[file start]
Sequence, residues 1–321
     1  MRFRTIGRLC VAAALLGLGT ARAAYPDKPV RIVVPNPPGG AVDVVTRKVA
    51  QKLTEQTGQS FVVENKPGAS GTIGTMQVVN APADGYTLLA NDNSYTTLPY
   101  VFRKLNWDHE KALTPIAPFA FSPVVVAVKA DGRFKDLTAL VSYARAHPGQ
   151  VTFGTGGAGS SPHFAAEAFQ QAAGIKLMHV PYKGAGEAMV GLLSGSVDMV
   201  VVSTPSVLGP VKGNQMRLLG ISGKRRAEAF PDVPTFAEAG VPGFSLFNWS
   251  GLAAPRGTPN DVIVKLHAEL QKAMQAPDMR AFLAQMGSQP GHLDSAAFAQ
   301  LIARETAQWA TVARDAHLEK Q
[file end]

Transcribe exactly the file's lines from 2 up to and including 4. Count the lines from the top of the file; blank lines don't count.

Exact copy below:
     1  MRFRTIGRLC VAAALLGLGT ARAAYPDKPV RIVVPNPPGG AVDVVTRKVA
    51  QKLTEQTGQS FVVENKPGAS GTIGTMQVVN APADGYTLLA NDNSYTTLPY
   101  VFRKLNWDHE KALTPIAPFA FSPVVVAVKA DGRFKDLTAL VSYARAHPGQ